The Role of Emotional Intelligence in Customer Support

Customer support doesn’t have the best reputation. It’s often a high-stress job, and service representatives spend most of their time listening to people complain about something. But providing good customer support is vital for businesses that want to keep customers around.

The teams that prioritize emotional intelligence (EI) are better equipped to handle unexpected challenges and crises. In addition to improving their communication skills, they develop strong empathy, self-awareness and internal motivation.

Top customer support reps tend to be those with the highest EI skills.


Empathy has become one of the biggest buzzwords in business lately, but it’s still crucial for building trust with your customers. And when you’re working with a team who rarely gets out from behind their computer screens, it can be difficult to build rapport with anyone other than their co-workers.

Empathy gives them an avenue for creating relationships with your customers. Training employees on empathy techniques will help them pick up on non-verbal cues faster and identify how a customer is feeling before they ever say anything.

When you empathize with your customers’ emotions — rather than just trying to placate their anger or frustration — they’ll know that you see them as individuals worthy of respect. Statements like “I’m sorry that you…” show that you hear them and understand what’s going on in their lives or businesses.

Generic statements that sound like they came from a training manual won’t cut it anymore: “I’m sorry you’re having this issue” sounds forced and insincere. Instead, try using the words they used directly in your empathy statement: “That does sound frustrating.”


Self-awareness is perhaps one of the most valuable skills anyone can have when dealing with an angry customer — or any person who treats others poorly because of unrelated stressors, really.

This skill allows people to recognize how upset someone else is without becoming upset themselves. They can separate their own emotions from someone else’s and then use their professional skills to address the issues that have arisen.

If an employee can’t figure out how to get better at self-awareness on their own, they might benefit from a course or a book about it. But caring adults could also help them cultivate this skill by encouraging them to ask for assistance when they face challenges, rather than giving up or criticizing themselves.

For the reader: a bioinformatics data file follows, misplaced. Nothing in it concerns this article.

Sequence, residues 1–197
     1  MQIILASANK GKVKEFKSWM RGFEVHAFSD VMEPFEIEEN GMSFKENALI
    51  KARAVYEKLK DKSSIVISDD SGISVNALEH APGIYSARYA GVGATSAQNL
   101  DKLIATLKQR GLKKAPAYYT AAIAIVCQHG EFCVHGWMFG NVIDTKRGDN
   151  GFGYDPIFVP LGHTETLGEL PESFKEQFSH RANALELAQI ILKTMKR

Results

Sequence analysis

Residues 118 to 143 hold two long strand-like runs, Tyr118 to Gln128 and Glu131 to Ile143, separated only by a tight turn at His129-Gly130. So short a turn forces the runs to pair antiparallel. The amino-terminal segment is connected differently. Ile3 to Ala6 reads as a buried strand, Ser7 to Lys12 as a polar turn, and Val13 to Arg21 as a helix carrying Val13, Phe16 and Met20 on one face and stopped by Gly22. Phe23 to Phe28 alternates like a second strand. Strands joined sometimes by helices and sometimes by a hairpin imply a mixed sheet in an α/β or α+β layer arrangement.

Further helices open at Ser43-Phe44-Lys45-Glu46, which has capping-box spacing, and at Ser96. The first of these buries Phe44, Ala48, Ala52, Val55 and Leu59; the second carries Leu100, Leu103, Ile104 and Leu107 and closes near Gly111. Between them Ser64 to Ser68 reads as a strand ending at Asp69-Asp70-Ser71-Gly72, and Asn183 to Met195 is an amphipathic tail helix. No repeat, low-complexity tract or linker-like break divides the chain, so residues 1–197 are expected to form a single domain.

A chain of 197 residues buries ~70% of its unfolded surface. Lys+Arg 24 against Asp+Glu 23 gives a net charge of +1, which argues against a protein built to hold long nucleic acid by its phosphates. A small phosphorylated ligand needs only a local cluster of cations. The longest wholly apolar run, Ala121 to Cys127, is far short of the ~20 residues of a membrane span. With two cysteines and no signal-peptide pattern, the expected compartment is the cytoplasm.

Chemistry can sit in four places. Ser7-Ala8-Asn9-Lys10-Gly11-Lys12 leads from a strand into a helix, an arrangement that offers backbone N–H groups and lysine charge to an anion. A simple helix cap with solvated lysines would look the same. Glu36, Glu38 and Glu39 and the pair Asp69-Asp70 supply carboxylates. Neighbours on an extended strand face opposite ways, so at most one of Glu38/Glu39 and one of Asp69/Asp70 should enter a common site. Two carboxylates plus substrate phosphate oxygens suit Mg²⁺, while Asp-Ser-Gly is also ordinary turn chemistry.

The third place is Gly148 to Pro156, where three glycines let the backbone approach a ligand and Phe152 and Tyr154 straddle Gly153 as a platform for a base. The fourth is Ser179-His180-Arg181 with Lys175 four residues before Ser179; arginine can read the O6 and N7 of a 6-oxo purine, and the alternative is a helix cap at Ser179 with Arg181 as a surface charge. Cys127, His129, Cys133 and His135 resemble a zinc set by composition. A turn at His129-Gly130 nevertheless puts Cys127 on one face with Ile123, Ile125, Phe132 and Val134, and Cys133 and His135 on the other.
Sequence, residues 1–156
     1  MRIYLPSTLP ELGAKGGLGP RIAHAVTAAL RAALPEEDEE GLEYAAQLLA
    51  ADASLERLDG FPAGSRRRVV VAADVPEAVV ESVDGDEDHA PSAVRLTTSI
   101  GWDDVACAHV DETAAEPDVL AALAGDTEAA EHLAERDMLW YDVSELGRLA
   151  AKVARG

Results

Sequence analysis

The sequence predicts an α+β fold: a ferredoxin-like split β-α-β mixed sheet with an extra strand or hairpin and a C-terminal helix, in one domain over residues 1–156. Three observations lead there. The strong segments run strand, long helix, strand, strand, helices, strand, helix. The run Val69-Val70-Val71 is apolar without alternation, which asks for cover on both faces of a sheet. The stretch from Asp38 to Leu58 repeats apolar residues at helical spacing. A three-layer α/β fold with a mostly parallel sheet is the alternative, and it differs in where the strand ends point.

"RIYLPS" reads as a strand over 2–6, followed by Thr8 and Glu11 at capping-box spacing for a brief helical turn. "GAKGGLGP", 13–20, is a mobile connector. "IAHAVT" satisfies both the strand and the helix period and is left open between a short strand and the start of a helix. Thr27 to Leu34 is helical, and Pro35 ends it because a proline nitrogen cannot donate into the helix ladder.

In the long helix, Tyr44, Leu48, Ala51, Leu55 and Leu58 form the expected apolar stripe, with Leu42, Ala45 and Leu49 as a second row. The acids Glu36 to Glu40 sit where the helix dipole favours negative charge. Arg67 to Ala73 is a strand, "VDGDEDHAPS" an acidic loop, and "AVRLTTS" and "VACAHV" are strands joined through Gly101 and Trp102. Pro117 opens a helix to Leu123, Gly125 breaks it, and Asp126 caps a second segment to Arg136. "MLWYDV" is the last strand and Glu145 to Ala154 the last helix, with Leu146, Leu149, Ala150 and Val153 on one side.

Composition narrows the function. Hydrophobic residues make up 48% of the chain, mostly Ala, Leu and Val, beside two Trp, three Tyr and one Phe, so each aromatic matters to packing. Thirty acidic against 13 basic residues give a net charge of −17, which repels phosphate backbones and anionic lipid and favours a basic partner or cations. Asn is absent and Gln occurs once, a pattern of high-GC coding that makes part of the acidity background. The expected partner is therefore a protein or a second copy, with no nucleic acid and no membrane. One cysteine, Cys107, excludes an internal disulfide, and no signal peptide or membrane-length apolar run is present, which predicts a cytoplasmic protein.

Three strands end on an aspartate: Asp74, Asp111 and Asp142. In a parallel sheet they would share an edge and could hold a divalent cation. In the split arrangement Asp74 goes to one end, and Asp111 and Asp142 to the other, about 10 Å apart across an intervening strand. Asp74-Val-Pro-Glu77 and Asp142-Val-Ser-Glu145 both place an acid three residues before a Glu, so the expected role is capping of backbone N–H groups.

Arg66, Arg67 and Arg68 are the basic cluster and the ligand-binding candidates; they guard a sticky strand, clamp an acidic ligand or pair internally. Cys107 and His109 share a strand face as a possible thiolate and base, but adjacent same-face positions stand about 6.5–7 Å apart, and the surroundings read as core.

Managers should also celebrate and encourage their team members’ successes while sharing learning experiences — something like Clientbook could be a useful tool for that.


This skill is pretty closely related to self-awareness; it centers around employees remaining calm in difficult or stressful situations — even when the person they’re speaking with isn’t being very nice.

Any customer support employee can be taught empathy, but some people naturally bring more of it to the table than others do. When you’re hiring for these positions, try using emotional intelligence tests during your interviews so you don’t end up spending too much time training someone who just doesn’t have what it takes.

There are many ways to measure EI in individuals, but Mayer and Salovey built one based on an ability-based model with competencies that can be measured.

Social awareness

Social awareness is similar to empathy; it’s all about understanding your own emotions as well as those of others. This helps people build rapport with customers, avoid conflicts and maintain strong relationships with whoever crosses their path throughout the day.

When people are upset or angry about something unrelated to your business (or anything at all), they tend not to listen very well. So if you want your CS reps to truly make progress toward solving problems, they need to say things in such a way that resonates with different emotional states.

For example: “I’m really sorry you didn’t get what you ordered,” versus “That sounds really frustrating.” The latter statement shows that you’re trying to understand how they feel, and then the conversation can continue along a more solution-oriented path.

Relationship management

EQ is at the core of great customer service. It’s what helps those working in support navigate complex emotions inherent to these interactions and forge connections that go beyond quick exchanges. Customers recognize when an agent truly cares about their problem, and those feelings can last long after a ticket has been closed.

Mindfulness does more than teach support reps to be calm in stressful situations or communicate better with customers (although helping them center themselves is absolutely critical). It also fosters trust between agents so they can lean on one another, learn together, and provide better resolutions for everyone involved. That trust spills over into customer interactions as well.

People from all walks of life reach out for help every day. Agents who can adapt accordingly will build pathways to successful outcomes quicker and more efficiently. This sets support teams up to scale at faster rates, while accommodating various communication styles will help push customers toward potential loyalty traps.

It can be hard to measure EQ, but the good news is it doesn’t have to be an exact science. There are numerous strategies companies can use when rolling out contact centers to identify and prioritize emotional intelligence among their staff members. By ensuring everybody on a team operates with high levels of empathy towards others, businesses will find success not just through happy customers — but happier agents as well.

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